So Martin Kettle gets all gooey eued at the way that the Daily Mail bounced the government into action.
The Daily Mail did not invent the issue of plastic bag pollution. Paul Dacre\’s newspaper is a Johnny-come-lately to a long-established environmental cause. It is 20 years since Labour\’s Chris Smith first raised the issue in the House of Commons and six since Ireland and Bangladesh caught the world\’s attention by slapping a tax on them. You can find hundreds of speeches by ministers saying something must be done. But until the Mail\’s campaign ministers were still – there is no other word for it – dithering.
Once the Mail went into action the outcome was settled. Ten pages on Wednesday, seven more on Thursday, another four on Friday and the job was done. The Banish the Bags campaign was well planned, well focused, well judged, well timed and was executed on a scale and with a ruthlessness that would have impressed Bismarck. M&S was lined up in advance to create a second-day wave with its 5p-per-bag charge announcement. Even Prince Harry could not shove the campaign off the front page yesterday, as Gordon Brown, who now recycles his garden waste instead of his policy announcements, pledged that the government would "step in and act".
So why were Ministers dithering?
Waste advisors to the Government have today warned against a tax on plastic bags on the basis that it could have a detrimental effect on the environment.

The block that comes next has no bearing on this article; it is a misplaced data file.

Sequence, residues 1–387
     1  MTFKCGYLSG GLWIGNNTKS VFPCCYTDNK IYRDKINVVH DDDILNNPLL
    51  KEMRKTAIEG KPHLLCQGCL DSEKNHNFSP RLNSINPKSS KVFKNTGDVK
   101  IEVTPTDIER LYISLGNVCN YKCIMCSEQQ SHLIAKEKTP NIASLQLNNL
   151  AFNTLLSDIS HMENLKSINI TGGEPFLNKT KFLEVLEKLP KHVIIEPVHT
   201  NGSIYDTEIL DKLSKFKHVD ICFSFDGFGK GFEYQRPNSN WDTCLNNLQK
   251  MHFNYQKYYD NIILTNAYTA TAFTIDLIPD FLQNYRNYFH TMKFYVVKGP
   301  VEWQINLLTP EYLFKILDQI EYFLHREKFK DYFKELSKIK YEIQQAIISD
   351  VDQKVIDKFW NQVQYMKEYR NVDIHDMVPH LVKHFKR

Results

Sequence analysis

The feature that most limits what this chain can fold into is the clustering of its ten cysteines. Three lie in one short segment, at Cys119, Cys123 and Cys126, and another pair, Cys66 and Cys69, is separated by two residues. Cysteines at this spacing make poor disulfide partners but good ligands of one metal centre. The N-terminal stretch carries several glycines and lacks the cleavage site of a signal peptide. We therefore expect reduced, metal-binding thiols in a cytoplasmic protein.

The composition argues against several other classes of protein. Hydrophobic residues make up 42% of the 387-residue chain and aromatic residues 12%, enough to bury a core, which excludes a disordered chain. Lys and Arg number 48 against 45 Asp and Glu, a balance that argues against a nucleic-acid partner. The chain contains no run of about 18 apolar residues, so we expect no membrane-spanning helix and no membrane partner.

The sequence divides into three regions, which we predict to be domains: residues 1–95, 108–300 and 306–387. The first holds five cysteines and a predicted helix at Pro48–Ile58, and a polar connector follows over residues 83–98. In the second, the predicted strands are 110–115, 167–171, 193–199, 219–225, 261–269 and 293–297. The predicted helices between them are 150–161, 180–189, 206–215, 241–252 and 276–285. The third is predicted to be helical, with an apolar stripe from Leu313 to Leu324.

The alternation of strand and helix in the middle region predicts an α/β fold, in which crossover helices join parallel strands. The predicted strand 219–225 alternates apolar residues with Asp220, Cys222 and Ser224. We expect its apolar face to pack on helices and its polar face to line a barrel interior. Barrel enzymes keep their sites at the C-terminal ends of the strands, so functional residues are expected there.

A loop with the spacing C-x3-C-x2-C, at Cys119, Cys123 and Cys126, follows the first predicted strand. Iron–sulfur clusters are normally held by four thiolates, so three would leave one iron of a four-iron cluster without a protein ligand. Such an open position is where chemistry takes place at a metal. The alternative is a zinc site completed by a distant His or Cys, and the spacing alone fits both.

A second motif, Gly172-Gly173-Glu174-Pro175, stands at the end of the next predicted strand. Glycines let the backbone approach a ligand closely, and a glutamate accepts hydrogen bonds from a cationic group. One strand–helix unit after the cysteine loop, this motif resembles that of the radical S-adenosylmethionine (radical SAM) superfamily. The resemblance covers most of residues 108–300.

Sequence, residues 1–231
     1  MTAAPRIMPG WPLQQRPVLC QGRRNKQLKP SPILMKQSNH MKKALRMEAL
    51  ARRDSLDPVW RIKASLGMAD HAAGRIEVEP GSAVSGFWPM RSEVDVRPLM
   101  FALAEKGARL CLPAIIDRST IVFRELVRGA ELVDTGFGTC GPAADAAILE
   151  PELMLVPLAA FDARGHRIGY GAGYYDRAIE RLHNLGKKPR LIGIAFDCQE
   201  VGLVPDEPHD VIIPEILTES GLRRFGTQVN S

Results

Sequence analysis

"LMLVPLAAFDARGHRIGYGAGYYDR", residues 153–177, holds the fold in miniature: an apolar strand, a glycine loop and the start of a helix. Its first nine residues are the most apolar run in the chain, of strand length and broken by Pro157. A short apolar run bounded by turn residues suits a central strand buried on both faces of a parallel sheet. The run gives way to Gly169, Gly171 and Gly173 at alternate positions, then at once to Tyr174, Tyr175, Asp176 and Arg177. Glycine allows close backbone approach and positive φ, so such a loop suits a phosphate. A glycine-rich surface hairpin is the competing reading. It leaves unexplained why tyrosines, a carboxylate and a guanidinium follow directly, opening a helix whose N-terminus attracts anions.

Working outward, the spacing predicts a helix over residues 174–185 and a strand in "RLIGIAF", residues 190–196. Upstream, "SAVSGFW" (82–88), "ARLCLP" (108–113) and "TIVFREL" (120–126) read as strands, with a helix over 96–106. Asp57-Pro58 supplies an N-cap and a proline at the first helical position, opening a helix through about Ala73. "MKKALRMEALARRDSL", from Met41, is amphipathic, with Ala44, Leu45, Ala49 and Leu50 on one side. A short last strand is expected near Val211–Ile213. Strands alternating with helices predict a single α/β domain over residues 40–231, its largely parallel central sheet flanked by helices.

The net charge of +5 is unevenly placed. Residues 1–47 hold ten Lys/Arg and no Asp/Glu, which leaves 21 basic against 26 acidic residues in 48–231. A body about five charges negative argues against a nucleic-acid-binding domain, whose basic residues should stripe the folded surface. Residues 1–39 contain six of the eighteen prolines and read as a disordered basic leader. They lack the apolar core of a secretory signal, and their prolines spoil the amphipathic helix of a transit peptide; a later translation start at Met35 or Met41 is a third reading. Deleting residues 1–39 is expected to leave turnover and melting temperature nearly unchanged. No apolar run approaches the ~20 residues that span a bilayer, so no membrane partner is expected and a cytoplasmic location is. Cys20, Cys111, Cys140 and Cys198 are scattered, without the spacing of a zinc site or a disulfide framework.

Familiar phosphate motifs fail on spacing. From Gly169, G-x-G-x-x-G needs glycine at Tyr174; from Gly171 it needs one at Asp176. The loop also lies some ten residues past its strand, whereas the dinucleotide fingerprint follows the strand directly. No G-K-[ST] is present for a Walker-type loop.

Experts have suggested that a ban or levy on plastic bags would actually lead to much greater volumes of plastic being used because people would need more bin liners and rubbish sacks.
Research by the Government-funded Waste Resources Action Programme (WRAP) found that a levy on plastic bags in Ireland only made matters worse.
WRAP believes that advocates of a tax, such as the 33 London boroughs, have underestimated how many plastic bags are used currently to put out recycling or as substitutes for plastic bin bags.
A levy on plastic would also be likely to mean a switch towards paper which uses more energy in production and releases methane, a potent greenhouse gas, when they degrade in landfill, according to WRAP.
Liz Goodwin, WRAP’s chief executive, warned: “You have to decide which problem you are trying to deal with, litter or the volume of plastic used. We have got to remember that taxes and levies can have perverse effects – such as making people use more plastic rather than less.
“Our focus should be on reducing environmental impacts of the bags by making them lighter or out of recycled content.”
Industry sources say that Ireland’s levy on plastic bags led to five times more plastic being used.
WRAP doubts this estimate but says it calculates that a ban or a levy would still lead to more plastic being used than at present because one form of bag would be substituted by another.
So let us tiptoe through the timeline.
Greenies identify a problem, Politicians go and get some experts together and ask them to work it out: is it really a problem and if so, is the proposed solution one that will work?
Experts come back and say, well, yes, there is indeed a problem but the proposed solution will just make it worse. So the current situation is perhaps the best we can hope for. Ministers thus do nothing until the Daily Mail leaps on the bandwagon.
Ministers now act and make things worse.
And Kettle approves of this idiocy?